Abusive adult son


#1

I really need help with this one:
My 30 year old adult son is psychologically abusive towards me and has been since he was 16 years old. ( the age when his father and I were divorced) He live with his father until he turned 18 and moved out on his own. I have paid his way out of trouble, fines, bail ect, ect. Finally at age 26 I said no more! he has never paid me back, but I have never pressed the issue.
It’s been a constant struggle to maintain any kind of relationship due to his aggrive behavior. Our visits start out okay, but hen he brings up the past, plays the blame game and I end up trying to defend myself:( I have to ask him to leave my house , just so I can calm down. I have been to counceling in the past, but he refuses to go along, saying it’s all my problem.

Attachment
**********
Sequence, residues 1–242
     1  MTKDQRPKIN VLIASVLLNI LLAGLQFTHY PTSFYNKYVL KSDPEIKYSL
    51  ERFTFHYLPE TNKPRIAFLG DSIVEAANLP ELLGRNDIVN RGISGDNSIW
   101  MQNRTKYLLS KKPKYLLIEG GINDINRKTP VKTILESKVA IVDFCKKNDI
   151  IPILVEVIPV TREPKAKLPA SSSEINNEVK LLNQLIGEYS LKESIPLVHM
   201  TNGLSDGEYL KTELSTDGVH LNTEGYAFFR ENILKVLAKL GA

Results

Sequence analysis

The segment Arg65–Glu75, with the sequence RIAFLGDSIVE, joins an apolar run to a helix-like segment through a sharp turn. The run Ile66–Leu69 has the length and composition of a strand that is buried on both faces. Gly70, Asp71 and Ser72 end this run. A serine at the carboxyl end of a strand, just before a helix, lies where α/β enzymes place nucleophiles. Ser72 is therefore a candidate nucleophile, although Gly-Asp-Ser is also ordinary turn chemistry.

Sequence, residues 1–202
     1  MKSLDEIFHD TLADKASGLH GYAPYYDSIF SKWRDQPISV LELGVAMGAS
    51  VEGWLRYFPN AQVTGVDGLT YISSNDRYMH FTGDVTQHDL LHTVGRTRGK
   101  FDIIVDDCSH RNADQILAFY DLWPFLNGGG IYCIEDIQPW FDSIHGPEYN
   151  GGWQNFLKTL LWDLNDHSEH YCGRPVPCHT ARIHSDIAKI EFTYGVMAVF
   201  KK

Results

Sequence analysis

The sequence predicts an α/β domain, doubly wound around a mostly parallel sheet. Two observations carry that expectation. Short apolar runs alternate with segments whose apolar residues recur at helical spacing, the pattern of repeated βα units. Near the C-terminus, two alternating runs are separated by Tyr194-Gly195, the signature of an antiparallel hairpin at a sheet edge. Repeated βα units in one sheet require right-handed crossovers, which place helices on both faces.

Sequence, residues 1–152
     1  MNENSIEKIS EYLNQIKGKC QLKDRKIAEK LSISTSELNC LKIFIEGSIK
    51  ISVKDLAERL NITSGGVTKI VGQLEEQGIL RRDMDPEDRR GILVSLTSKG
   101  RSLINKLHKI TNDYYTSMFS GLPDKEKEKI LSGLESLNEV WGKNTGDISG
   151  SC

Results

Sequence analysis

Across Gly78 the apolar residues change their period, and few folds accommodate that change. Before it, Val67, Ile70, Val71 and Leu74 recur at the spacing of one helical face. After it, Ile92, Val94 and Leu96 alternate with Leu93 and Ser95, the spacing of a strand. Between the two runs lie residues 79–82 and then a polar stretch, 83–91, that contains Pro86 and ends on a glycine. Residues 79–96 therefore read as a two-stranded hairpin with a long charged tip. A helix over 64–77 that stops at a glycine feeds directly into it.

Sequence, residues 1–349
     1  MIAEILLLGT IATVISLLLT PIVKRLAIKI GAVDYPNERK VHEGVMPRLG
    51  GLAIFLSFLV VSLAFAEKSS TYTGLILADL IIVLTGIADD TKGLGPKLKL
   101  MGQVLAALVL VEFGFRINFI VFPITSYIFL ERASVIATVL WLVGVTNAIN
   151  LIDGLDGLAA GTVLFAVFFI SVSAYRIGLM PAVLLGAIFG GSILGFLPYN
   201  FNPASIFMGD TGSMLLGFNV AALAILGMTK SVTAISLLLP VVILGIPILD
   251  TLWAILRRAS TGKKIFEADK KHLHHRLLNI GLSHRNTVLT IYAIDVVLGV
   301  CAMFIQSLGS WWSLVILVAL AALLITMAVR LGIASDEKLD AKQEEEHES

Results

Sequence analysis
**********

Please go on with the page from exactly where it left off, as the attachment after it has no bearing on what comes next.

I have prayed about this for years.
Nothing seems to help.
How can I maintain my Christain morals and keep my cool when dealing with his anger and defiance?
It’s breaking my heart and I’m at a loss.:confused:


#2

Don’t have him to your house. Meet at a restaurant (public place) and leave the minute any verbal abuse starts. There is no reason to put up with that from anyone. —KCT


#3

Hi i’m going through this now with my 15 yr old, its rough road.
So far no cop trouble, thank god. But i cry cause he talks to me just like my ex , but later says he’s sorry. I’m just not a good disciplene person. But i’m trying to get tougher , plus we started going back to mass and he loves it. I’m going to try to get him in the youth group at church, if he’ll go. So i feel for you, and i’ll keep you in my prayers. Mary:gopray2:


#4